Benicar, also known by its trade name Olmesartan, was developed in 1995 by Japanese pharmaceutical company Sankyo. It is an effective treatment of high blood pressure, though it operates in the body differently than the more popular ACE inhibitors. Instead, it blocks the binding of hormones that cause blood vessels to constrict. It’s a slight difference in function, but the result is the same – the vessels are kept open and flowing. Since its development, there have been several other branded drugs that operate like Olmesartan, including Tribenzor or Azor.
Sankyo spent nearly $1 billion marketing its drug to doctors and hospitals around the world. It engaged in its heaviest marketing from 2002 to 2008, and during this time, Sankyo claimed that Benicar was a safer, more effective way to treat high blood pressure. And while the drug is considered safer than a lot of other blood pressure medications, it can still cause severe complications in some people.
Complications That Can Cause Agony
For years, most research verified Sankyo’s claims that Olmesartan was safe. In fact, it was once believed to be no more dangerous than a placebo, which would have been quite the feat given its pharmacological profile. However, in the medical world, claims like these are usually too good to be true. And so it is with Olmesartan.
From 2008 to 2011, the Mayo Clinic began seeing a slow trickle of patients complaining of severe, chronic diarrhea and “sprue-like enteropathy,” which refers to an intestinal disease that causes malnourishment and weight loss. The Mayo Clinic recorded its findings with 22 patients who exhibited the symptoms during the three years of observation, and in every case ruled out celiac disease as the cause.
The common factor in all 22 patients was the administration of Benicar. In 14 of the 22 patients, weight loss was dramatic enough to require hospitalization, and in 15 of the patients, profound villous atrophy was found during intestinal biopsies. Villous atrophy is a dangerous condition in which the intestines shed their lining and lose their texture, also losing their ability to absorb nutrients in the process. The symptom profile is similar to celiac disease, but the degree of weight loss and malnutrition are much greater.
The Mayo Clinic followed up with 18 of the 22 patients who suffered sprue-like enteropathy, and found that after removing Olmesartan from their regimen, all of the patients improved. Although the Mayo Clinic believes more research is needed, the FDA has acknowledged that there is likely a link between Benicar and some intestinal diseases. Unfortunately, as digestive issues are often explained by many factors, it’s likely that some victims of Olmesartan don’t know that their pains are due to the drug. Many patients, for instance, are first admitted to the hospital for dehydration or abdominal pain, both of which are ubiquitous enough to be blamed on a variety of conditions.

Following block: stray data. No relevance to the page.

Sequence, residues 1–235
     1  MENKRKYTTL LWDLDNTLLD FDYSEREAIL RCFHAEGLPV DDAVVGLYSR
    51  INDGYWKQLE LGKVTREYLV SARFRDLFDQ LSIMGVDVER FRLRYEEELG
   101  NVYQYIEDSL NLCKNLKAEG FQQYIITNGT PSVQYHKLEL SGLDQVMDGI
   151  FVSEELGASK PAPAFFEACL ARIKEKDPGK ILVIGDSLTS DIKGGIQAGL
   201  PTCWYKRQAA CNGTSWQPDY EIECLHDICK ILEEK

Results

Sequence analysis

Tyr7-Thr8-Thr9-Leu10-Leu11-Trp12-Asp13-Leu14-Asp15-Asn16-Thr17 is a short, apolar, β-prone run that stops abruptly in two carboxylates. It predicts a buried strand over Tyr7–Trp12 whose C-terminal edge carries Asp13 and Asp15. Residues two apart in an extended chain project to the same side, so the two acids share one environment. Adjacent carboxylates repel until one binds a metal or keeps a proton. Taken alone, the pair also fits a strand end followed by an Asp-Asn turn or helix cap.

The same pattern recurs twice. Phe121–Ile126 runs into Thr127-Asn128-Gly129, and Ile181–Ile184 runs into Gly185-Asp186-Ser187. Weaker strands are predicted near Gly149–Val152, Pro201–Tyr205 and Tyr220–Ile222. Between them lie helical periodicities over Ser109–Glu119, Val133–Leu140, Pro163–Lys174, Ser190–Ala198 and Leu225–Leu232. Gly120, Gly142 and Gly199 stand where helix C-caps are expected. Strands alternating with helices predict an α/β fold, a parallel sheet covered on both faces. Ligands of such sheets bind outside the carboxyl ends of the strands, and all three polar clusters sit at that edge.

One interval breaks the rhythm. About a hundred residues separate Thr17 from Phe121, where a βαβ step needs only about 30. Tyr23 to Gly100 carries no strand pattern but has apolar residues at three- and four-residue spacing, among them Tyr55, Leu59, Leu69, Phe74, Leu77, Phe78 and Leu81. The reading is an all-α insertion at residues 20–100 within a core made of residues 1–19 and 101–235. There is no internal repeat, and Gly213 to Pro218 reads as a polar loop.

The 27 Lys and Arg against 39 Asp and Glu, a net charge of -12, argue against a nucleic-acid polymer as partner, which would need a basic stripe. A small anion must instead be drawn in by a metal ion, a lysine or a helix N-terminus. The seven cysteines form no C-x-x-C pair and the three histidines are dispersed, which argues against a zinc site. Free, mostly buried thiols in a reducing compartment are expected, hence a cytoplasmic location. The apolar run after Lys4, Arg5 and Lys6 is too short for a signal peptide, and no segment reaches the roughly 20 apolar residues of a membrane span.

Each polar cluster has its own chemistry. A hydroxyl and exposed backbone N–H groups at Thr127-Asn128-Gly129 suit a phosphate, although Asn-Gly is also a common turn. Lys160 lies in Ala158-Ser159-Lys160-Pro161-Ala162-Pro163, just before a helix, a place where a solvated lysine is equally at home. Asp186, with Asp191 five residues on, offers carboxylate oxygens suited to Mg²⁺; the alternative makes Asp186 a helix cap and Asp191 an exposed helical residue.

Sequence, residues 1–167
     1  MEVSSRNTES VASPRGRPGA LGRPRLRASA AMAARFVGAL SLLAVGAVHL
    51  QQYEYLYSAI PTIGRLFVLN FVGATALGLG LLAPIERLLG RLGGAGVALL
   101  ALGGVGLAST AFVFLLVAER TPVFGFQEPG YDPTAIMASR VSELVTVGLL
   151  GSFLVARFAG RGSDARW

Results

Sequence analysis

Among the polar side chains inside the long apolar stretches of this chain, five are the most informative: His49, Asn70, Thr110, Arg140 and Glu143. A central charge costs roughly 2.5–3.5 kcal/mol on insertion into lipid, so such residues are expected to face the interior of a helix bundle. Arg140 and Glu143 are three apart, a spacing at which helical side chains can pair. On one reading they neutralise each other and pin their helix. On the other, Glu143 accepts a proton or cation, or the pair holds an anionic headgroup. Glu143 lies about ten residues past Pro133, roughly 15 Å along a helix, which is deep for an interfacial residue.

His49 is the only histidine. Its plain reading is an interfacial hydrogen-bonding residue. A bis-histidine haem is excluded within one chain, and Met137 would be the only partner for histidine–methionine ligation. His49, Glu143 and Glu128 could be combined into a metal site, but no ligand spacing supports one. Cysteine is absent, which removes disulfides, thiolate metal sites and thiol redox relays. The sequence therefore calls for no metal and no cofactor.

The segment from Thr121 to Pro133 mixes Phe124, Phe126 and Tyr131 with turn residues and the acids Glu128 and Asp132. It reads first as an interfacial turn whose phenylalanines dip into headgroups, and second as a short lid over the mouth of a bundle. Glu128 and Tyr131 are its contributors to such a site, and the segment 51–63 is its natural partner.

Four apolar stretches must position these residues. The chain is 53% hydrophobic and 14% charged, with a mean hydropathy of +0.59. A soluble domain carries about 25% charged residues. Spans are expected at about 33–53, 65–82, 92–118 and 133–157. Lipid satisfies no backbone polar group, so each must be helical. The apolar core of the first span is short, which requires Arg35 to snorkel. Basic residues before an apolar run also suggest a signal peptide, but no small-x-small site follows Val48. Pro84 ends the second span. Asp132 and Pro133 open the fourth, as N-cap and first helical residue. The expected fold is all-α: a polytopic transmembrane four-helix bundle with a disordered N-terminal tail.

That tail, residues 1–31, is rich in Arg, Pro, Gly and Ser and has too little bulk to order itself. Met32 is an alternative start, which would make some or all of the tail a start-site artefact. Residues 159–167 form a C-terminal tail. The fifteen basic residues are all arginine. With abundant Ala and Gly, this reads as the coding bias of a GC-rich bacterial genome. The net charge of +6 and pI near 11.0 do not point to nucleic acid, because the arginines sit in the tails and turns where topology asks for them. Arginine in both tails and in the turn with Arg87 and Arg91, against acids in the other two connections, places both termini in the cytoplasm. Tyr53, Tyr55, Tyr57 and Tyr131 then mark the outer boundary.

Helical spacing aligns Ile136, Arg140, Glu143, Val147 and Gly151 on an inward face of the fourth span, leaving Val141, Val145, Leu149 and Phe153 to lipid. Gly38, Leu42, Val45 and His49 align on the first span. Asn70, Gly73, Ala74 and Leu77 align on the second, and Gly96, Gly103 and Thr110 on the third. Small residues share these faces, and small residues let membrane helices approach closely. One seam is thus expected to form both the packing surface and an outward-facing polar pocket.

That’s little comfort to George Williams, who, in February 2014, filed a lawsuit against Sankyo due to severe intestinal complications he suffered as a result of taking Olmesartan. According to Williams, the sprue-like enteropathy and chronic diarrhea he experienced was so severe that he had to be hospitalized for more than 100 days. The malnutrition he suffered, along with the treatment required to reverse his symptoms, resulted in a compression fracture in his spine and cataracts. He can no longer process food normally and must rely on a feeding tube to provide him his nutrition for the rest of his life. Williams will likely face extensive medical expenses, along with a major loss of life quality, for the rest of his days.
Worryingly, there is no current way for doctors to predict who will have a reaction to Benicar. This is the kind of research, of course, that patients hope pharmaceutical companies perform before releasing their products to the market. If, after all, there is $1 billion available for advertising purposes, why couldn’t more of that money have been dedicated to additional safety research? This is the question that more and more victims of Olmesartan are asking, and they are taking action against Sankyo in the process.
Terry Bryant is Board Certified in personal injury trial law, which means his extensive knowledge of the law has been recognized by the Texas Board of Legal Specialization, setting him apart from many other injury attorneys. The 22 years he spent as a Municipal Judge, Spring Valley Village, TX also provides him keen insight into the Texas court system. That experience also helps shape his perspective on personal injury cases and how they might resolve. This unique insight benefits his clients. [ Attorney Bio ]